You may have heard that Bank Negara Malaysia (BNM) has cut the Overnight Policy Rate (OPR) to the lowest level ever, of 1.75%. But are you wondering why that matters to you?
The short answer is that a lower OPR leads to lower interest rates, which means you’ll pay less interest for flexible interest rate loans you have. But, you’ll also be earning less from your savings and fixed deposits.
Read on to find out how this works!
What is the OPR, anyway?
The OPR is the interest rate a bank pays another bank for borrowing money from them. A simple explanation for why banks borrow money from each other is that sometimes they do not have enough cash, because they lend money to customers like you.
Banks also use the OPR to set the Base Rate (BR), Base Financing Rate (BFR) and Base Lending Rate (BLR) they use to decide how much interest to charge you for your loan, such as a home loan, or pay you for saving and investing.
Why is the OPR important?
BNM uses the OPR to guide the economy to speed up or slow down. Right now, because of the COVID-19 crisis and other events in the global economy, Malaysia’s economy is slowing down. A slower economy could cause companies to cut back on hiring or reduce salaries.
To avoid or minimise the impact of a recession, we need the economy to speed up. By cutting the OPR, it will lead banks to lower their BR/BFR/BLR. In the end, the lower OPR results in lower interest rates.
The lower interest rates make loan repayments cheaper. This could encourage you to take a loan to spend on things that will move the economy, like buying or renovating a house, or buying a car. If you already have a flexible rate loan, you could use the savings you get from a lower loan repayment to spend a little more, which is also good for the economy now.
Apart from loans and spending, the lower interest rates also encourage you to invest in items that will give you a higher return than bank savings, such as stocks or property.
For businesses, cheaper borrowing means they can get a loan to maintain or grow their business. It also gives them more reason to invest instead of leaving their cash in the bank. This also helps protect the economy from a recession, because staying in business lets companies avoid retrenchments or pay cuts.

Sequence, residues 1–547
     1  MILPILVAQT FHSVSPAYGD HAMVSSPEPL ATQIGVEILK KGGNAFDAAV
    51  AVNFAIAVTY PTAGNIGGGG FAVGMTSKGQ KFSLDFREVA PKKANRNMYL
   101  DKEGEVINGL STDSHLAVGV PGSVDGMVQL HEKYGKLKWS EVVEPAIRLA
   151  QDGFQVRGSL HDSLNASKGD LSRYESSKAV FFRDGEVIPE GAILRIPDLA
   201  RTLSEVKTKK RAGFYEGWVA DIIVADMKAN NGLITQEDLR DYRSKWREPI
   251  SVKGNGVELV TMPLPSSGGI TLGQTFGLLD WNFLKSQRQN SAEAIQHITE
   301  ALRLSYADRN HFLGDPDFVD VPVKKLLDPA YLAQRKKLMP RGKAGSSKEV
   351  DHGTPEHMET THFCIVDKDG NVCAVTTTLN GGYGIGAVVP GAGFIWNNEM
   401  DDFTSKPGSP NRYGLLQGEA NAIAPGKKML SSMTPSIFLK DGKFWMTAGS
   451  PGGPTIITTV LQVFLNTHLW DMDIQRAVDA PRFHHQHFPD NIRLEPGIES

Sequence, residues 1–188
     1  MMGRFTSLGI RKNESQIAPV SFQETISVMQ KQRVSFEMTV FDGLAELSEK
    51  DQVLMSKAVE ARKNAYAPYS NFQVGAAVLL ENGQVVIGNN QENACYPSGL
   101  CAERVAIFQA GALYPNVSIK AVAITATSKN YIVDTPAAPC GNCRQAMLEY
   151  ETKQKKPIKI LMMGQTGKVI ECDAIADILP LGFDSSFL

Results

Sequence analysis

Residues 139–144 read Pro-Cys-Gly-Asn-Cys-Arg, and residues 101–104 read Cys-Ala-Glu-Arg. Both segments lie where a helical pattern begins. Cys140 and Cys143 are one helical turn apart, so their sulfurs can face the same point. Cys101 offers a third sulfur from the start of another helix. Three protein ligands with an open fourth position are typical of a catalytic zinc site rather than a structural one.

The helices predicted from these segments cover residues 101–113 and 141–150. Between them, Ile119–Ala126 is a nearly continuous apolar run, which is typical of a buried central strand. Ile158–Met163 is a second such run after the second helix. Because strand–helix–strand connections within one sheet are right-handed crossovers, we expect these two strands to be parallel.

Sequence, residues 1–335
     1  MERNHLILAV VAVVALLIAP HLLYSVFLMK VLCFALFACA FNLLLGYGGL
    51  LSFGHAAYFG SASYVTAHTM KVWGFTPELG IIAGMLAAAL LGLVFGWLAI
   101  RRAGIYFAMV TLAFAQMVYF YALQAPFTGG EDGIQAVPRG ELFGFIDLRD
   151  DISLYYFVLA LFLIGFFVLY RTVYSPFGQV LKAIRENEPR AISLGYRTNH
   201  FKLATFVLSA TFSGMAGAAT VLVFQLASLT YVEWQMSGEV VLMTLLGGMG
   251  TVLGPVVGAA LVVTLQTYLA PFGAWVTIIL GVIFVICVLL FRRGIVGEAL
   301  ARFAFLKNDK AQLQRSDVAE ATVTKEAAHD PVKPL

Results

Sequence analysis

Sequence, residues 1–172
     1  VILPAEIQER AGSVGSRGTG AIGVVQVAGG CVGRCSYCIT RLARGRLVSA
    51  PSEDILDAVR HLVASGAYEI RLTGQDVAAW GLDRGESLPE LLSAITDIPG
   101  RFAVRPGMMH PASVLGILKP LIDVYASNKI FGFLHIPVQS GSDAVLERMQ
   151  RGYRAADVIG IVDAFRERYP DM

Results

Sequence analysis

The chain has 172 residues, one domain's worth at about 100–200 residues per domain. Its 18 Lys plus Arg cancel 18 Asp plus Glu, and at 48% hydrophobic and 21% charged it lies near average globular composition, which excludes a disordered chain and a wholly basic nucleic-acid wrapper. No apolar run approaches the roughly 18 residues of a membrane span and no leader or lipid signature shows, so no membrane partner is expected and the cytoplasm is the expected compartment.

So, you get to pay lower interest on your loans!
With the lower OPR, all banks have cut their rates for new and existing loans.
The lower rates mean that you will be charged less interest for any flexible rate loans you might have, like your mortgage. But, it won’t have any effect if you have a fixed rate loan, like a car loan. So, check with your bank if the change in interest rate affects any of your loans. You can also use our calculators to see how your repayments might change.
You will make less from your savings and fixed deposits
Don’t forget, interest rates are also used to reward you for saving. By lowering interest rates, BNM is also encouraging you to take some of your money out from savings and fixed deposits. This is so you will spend more money instead, and also keep the economy moving.
Banks which have lowered their BR/BFR/BLR have also cut their rates for savings accounts and fixed deposits. Again, check with your bank to see how much you’ll be making from your savings and fixed deposits with the lower rates.
Even though the level of interest rates now are aimed at putting more money in everyone’s pockets to keep the economy alive, it doesn’t mean you should go wild applying for loans, spend all your savings or take out your investments. Stay sensible with your money and remember to always have enough emergency funds set aside, especially now that we’re in tough times.
For more ideas on how to manage your money, read our Guide on Planning and Budgeting.